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ACEF Journal Vol 3 Issue 1 December 2012

Zellner Morris Burch student performance over the years is attributed to the almost perfect average daily attendance. Even though Over-The-Hill Elementary is considered to be in a low socio-economic area with limited resources, grant funding has increased the number of special programs and services for children. Interestingly, all teachers have a specialization on this campus. The surrounding neighborhood is noted for its high crime rate, neglected neighborhood, but that perception is slowly changing. New housing has been introduced and older abandoned apartments and homes were removed. A beautiful park has taken the place of a trashy vacant lot. Student achievement and school attendance has been steadily on target from 2002 to 2010. It is the belief of the principal that the stability in achievement and school attendance is due to parental and community support of the school. School attendance has hovered around 96% over the past eight years. According to reported AEIS scores, 3rd, 4th, and 5th grade students who attended Over-The-Hill Elementary have shown increased academic performance (Texas Education Agency, 2012). However, the school principal commented, “Our academic success should only be linked to the special programs and individual attention our students receive, however the use of the space we have provided does help our teachers be more effective in their job.” The State has given the school an “Academically Acceptable” rating from 2003 to 2011 (Texas Education Agency, 2012). The number of students who fell into the economically disadvantaged category rose from 91% in 2003 to 94% in 2011. The number of students with limited English language increased over the years from 41% in 2003 to 56% in 2011 (Texas Education Agency, 2012). Over-The-Hill Elementary is half a mile from Have-It-All Elementary and has similar demographics and needs. Over-The-Hill Elementary has implemented a dual language program for its ever-increasing bi-lingual student population. This particular campus was a Pre-K to 2nd grade campus from 1997 to 2007. After 2007, a grade level was added each year until 2010. Redistricting created the need for the school to become a Pre K-5th grade campus. The grade level additions did not affect the student population or create overcrowding. The original egg carton design of the building is still in place, but as observed by our research team, connections between classroom spaces are now more prevalent. Some walls were removed to encourage collaborative activities among teachers and students. The long outside walkways were covered providing protection from the elements. In keeping with the importance of creating an inviting learning environment, modifications were made to classroom lighting, furniture, and access to resources. Students are provided nutritional snacks and allowed to keep water bottles for hydration at their desks during the day. Just like the other school sites in the study, the school principals viewed adequate hydration and nutrition to be key factors in promoting readiness for learning. Their the principals view is a major component of BCL philosophy (Caine, 2000; Diamond & Hopson, 1999; Jensen, 2008). Method The study sought to identify the individual and corporate places where children are learning and examine the relationship of these physical spaces to the education process. The study proceeded through three phases. Initially, the researchers examined the 3 selected school sites using a criteria referenced evaluation instrument developed by Dr. Harold Hawkins and Dr. Ed Lilly (1998) for the Council of Educational Facility Planners, International. Through use of a survey process, the instrument was used to measure perceptions of school building adequacy and 47 Vol. 3, No. 1, 2012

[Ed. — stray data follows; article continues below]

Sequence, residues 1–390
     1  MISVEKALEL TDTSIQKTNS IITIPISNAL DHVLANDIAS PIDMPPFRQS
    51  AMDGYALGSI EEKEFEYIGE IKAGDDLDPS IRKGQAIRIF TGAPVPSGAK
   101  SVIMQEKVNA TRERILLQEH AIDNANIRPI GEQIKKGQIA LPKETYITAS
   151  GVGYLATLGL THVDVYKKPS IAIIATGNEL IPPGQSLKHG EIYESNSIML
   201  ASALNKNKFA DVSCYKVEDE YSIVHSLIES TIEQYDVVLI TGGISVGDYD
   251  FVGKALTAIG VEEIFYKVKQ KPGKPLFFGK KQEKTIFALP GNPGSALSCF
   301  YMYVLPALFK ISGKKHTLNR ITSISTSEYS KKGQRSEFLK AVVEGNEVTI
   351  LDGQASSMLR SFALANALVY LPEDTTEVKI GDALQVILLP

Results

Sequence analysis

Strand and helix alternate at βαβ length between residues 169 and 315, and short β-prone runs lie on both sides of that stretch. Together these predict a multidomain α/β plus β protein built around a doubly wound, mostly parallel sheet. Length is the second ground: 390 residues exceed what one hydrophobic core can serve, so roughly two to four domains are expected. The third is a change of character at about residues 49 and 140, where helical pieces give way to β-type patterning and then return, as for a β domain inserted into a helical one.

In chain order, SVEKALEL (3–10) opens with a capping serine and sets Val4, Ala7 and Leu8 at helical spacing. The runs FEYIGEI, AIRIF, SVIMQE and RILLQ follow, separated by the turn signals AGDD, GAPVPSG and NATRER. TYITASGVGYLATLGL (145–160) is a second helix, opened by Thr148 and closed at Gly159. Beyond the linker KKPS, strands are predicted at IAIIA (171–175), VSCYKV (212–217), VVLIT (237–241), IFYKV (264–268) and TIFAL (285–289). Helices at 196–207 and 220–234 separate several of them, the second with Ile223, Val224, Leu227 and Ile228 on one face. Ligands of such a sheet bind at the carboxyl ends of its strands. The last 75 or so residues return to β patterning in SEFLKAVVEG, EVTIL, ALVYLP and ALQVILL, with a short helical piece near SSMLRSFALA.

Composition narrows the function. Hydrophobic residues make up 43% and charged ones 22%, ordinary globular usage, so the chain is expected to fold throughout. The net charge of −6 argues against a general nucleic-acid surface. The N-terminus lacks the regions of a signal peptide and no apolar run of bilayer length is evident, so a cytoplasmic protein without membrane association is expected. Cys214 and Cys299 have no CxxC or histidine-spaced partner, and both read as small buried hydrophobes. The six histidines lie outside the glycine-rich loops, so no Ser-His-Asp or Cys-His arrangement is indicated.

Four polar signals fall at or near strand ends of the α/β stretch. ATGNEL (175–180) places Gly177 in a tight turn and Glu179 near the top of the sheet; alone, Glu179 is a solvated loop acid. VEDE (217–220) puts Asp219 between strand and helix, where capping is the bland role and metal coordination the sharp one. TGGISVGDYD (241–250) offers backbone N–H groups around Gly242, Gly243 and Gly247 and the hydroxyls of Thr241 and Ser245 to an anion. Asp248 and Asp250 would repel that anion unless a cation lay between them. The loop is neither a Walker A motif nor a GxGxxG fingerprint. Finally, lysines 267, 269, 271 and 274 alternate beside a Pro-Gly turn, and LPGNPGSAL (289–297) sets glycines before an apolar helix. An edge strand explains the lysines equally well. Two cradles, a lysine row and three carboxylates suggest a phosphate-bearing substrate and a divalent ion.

ACEF Journal Vol 3 Issue 1 December 2012
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